Just mix a red tint with the concrete mortar mix to get the joints to match.
We chose a portcullis style for our windows and doors as hopefully a theft proof barrier and as an open air design. The windows and doors are made of angle iron and flat-iron. We bought the material and hired someone to build each window and door based on the size of the openings. We saved money by cleaning and painting the iron ourselves. We hung the windows off of every available rafter to make painting easier. We brushed on a layer of marine varnish to the outsides to add protection from sideways rain.
Living in this climate means never having to close your windows. I will add curtains to add a homey feel to the interior. I had seen this style somewhere in the past and have always liked it. The bonus is that now I can now say “Fezzig, the portcullis!” while reminding Barry to shut the door. We will get screens made to fit in the windows and glass panels will be put in the bottoms of the doors to keep critters out.
Building a Rock Bar
We used local river rocks to build the bar in our kitchen. After the concrete floor was finished we used wood to build up a form that reached out to our wood support post. We curved it just at the end so that it wrapped around. I had been saving my favorite rocks for this project ever since house construction began and it was finally time to use them! We placed the big ones in first, strategically, and then fit the little ones in where we could. We then, level by level, poured mixed concrete in between the rocks so that the structure would be solid.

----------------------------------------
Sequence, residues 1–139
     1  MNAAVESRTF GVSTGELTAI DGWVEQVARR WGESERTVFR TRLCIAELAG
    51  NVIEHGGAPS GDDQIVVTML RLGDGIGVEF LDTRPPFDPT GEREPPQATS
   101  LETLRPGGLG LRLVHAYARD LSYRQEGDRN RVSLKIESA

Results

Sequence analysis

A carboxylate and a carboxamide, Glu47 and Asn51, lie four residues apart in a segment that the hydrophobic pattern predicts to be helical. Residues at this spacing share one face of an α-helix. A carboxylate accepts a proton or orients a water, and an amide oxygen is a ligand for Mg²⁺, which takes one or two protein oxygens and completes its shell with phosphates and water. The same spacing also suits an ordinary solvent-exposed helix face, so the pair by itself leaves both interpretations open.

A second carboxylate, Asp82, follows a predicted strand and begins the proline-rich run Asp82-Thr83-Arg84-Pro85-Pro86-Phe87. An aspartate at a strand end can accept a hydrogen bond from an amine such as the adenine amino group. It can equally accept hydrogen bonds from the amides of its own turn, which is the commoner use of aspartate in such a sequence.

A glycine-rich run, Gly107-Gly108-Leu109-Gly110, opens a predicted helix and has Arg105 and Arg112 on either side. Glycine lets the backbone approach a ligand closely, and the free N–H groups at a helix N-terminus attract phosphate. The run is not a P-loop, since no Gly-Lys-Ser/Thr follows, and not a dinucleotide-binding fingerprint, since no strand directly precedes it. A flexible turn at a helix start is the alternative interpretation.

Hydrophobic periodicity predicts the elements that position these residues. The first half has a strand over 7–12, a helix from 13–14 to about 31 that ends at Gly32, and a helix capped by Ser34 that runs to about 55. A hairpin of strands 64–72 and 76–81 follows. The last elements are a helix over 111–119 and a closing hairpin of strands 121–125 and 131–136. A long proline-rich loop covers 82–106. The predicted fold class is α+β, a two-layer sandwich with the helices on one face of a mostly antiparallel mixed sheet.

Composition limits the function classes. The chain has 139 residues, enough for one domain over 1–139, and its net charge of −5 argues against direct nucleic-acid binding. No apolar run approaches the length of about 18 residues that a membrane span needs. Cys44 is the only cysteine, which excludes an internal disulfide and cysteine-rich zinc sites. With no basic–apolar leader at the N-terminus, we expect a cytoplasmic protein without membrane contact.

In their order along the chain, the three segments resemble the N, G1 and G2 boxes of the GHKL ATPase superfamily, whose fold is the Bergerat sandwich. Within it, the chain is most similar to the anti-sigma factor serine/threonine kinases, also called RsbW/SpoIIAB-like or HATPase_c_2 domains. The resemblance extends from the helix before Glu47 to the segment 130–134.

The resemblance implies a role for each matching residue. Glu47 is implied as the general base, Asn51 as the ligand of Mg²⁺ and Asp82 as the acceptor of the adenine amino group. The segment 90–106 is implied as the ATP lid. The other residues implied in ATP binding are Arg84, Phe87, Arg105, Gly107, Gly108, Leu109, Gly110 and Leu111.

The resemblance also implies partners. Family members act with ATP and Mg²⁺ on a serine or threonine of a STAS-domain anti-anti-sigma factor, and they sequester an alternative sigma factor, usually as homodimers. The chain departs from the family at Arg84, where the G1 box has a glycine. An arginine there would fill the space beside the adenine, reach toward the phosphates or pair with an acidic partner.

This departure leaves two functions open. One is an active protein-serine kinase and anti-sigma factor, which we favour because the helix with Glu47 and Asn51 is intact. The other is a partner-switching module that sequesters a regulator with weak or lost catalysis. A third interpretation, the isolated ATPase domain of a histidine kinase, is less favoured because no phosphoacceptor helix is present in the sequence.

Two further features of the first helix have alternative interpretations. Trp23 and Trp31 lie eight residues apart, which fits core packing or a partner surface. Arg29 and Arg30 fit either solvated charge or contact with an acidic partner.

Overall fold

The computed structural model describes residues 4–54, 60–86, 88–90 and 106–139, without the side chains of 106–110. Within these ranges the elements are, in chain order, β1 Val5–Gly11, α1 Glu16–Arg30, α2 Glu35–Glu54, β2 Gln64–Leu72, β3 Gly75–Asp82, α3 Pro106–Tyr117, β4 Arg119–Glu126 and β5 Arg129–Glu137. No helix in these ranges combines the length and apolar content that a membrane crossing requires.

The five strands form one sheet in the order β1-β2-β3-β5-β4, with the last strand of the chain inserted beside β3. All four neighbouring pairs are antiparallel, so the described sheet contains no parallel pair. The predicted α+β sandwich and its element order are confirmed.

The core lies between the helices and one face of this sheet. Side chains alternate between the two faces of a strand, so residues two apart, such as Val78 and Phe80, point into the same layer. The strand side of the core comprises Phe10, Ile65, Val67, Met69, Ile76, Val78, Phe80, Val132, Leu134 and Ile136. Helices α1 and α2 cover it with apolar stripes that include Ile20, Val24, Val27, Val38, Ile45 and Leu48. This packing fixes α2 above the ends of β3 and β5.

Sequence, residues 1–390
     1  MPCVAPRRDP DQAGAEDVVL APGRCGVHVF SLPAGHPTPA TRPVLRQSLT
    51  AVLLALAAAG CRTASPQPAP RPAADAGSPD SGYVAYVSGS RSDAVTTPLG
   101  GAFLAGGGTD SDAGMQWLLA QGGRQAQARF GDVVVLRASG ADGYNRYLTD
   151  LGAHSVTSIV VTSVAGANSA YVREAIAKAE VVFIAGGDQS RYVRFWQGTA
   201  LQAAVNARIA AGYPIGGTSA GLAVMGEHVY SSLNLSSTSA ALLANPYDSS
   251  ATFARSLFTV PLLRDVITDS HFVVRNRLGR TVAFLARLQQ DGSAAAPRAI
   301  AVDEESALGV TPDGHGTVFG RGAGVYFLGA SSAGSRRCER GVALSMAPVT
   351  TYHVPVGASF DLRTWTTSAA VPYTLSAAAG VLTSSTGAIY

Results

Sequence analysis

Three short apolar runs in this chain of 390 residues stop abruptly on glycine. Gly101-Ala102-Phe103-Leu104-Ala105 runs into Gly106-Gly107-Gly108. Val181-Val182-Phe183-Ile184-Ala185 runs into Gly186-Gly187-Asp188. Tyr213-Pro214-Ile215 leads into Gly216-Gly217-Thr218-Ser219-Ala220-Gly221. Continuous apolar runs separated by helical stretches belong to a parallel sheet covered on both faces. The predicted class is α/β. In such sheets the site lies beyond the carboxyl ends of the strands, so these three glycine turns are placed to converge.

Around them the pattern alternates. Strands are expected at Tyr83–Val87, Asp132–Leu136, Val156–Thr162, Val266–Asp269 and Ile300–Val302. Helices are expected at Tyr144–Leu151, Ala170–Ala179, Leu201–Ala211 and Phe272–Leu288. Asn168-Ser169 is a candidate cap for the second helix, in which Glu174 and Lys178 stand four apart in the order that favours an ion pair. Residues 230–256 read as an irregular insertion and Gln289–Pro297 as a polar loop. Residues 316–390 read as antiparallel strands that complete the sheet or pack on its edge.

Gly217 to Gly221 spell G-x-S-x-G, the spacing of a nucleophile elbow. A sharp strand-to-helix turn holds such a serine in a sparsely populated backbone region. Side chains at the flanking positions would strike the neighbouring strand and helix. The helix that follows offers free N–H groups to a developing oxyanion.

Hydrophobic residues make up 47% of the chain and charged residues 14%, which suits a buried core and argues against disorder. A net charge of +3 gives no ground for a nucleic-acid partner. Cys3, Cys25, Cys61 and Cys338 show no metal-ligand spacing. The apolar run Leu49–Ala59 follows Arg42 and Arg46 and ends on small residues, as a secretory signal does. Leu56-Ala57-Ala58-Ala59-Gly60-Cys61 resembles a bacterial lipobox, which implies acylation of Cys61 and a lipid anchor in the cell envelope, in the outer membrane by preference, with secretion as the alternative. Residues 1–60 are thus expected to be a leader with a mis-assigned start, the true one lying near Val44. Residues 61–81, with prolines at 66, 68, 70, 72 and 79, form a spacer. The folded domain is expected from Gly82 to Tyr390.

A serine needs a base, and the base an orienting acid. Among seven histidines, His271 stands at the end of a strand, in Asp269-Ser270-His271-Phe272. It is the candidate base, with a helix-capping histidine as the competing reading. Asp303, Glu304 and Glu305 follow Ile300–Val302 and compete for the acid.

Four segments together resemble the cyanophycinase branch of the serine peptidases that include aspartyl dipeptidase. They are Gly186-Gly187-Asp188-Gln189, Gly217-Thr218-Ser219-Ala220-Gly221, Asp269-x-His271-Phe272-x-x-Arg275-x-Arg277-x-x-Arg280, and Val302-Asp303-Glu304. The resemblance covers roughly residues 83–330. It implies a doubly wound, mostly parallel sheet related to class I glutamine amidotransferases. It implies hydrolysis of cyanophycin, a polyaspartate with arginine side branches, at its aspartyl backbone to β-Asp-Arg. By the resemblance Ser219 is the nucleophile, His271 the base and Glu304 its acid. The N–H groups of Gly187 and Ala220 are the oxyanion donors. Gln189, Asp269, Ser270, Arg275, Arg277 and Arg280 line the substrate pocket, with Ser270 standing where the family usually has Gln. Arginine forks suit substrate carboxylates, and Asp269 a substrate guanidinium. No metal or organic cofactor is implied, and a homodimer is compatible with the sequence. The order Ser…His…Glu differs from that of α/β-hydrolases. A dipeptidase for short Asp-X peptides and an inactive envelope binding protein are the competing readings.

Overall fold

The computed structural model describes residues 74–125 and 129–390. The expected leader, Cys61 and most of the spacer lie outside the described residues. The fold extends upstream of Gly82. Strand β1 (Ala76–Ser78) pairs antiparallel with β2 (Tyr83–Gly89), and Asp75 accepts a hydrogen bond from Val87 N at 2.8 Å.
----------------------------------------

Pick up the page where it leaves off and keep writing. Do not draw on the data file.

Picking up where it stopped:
Our camera broke sometime during the building of this so I don’t have step by step instructions. Sorry. I have asked Barry to make me a herb garden using the same concept so maybe later on this year.
After four levels we reached our correct height and left the bar to dry for about two weeks. We removed the wood form and cleaned the rock face with Muriatic acid. When all the sanding is done in the house I will clean the bar again and varnish the front to make it shine.
The party atmosphere of the bar is enhanced by the straight outta the 80’s “Outsider” boom box! The boom box was lent to us by the ladies so we could have a little music relief while we worked. The bright yellow color of the “Outsider” not only jazzed up the job site but romanced our builder who couldn’t stop talking about how great it was.
Also worth mentioning is this BBQ grill made out of a truck rim. We had the extra rim (from our septic project) and extra parts left over from the windows and doors. We asked the guy with the arc welder to make it for us and he said no problem. It was his idea to make the re-bar into spiral handles so they wouldn’t be hot to the touch.
I will address the costs in my next post including but not limited to the electric (electrician + cabling), plumbing, wood, etc. I have an ongoing spreadsheet that has every single item on it. Are we in within our $30,000 budget? Find out next time.
To see our posts leading up to this one click the building link on the right.